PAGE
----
1.5 Decrypt the private key to ensure that the password you entered was correct

After you have verified that the password works for decrypting the key, delete the decrypted key file from the machine entirely.

1.6 Decode and view CSR as plain text

If you want to view the CSR as plain text, then you can decode it with the following command:

2 Provide the CSR to a certificate authority

Provide the CSR file to a certificate authority, so that they can generate and issue a certificate to you.

3 Process and renew the issued certificates

A certificate authority may issue the certificate in several different formats. They can send it as a composite certificate, containing the Server, Intermediate and Root certificates combined, or they may send them as separate files.

I find it easiest to have the certificates in one .crt file. To do this, simply add the certificates in a new .crt file from top to bottom:

  • Server
  • Intermediate
  • Root

The newly created .crt file will be the certificate that should eventually be deployed on your server. Verify the contents of the .crt file by executing the following command:

openssl x509 -in myapp.domain.com.crt -text -noout

Pay attention to the contents, such as the common name, SANs etc. — they should match what is in your CSR file.

Before deployment, we need to decrypt our encrypted private key (see section 1.5).

Check if the certificate indeed matches the private key by executing the following commands:

openssl x509 -noout -modulus -in myapp.mydomain.com.crt | openssl md5openssl rsa -noout -modulus -in myapp.mydomain.com.key | openssl md5

You should get an output for each of these commands which starts with “(stdin)=”. If the hash values on the right side of the equal operator are equal when running both commands, then the private key matches the certificate.

If your server has built in functionality for deploying both the certificate and the private key in one bundle, then it may prefer the .pfx format, which holds both the certificate and private key in one file.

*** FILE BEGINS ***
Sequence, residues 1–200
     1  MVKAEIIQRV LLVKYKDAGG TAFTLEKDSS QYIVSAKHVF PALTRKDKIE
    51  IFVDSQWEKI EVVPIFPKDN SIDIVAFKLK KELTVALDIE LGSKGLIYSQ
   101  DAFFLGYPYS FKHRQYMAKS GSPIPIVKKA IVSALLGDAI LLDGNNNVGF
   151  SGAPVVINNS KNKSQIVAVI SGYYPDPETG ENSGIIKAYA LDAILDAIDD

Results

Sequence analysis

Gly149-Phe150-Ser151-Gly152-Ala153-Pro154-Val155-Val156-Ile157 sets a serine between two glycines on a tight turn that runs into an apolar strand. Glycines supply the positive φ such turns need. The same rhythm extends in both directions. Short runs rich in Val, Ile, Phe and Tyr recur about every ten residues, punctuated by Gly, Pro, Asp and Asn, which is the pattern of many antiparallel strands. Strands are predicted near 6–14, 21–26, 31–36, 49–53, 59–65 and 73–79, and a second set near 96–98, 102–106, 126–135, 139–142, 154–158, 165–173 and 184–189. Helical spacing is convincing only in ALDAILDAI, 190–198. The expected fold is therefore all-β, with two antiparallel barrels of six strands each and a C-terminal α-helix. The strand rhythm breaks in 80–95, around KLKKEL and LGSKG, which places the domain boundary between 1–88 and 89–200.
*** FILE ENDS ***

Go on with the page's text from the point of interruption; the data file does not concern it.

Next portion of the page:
To do this, you can run the following command:

If not, then the server is likely interested in in the .crt and .key file separately — in one or two different locations on the server.

4 Deploy the certificate and private key to the server

Follow the documentation of your server on how to deploy the certificate and private key to the server.

After deployment, you can verify the deployed certificate with the following command:

You can also verify the certificate on Entrust SSL Labs.

Grensesnittet

Grensesnittet (DK: Grænseflade, EN: interface) er stedet…

Thanks to Fredrik Klingenberg

Magnus Stuhr

Written by

System architect & DevOps fullstack || Head of Data Science community @ Computas AS.

Grensesnittet

Grensesnittet (DK: Grænseflade, EN: interface) er stedet for faglig kommunikasjon mellom ansatte i Computas og andre i bransjen. Mulighetene i teknologi er utallige og vi vet at vi kan bruke vår kunnskap til å gjøre en forskjell i folks liv.

Magnus Stuhr

Written by

System architect & DevOps fullstack || Head of Data Science community @ Computas AS.

Grensesnittet

Grensesnittet (DK: Grænseflade, EN: interface) er stedet for faglig kommunikasjon mellom ansatte i Computas og andre i bransjen. Mulighetene i teknologi er utallige og vi vet at vi kan bruke vår kunnskap til å gjøre en forskjell i folks liv.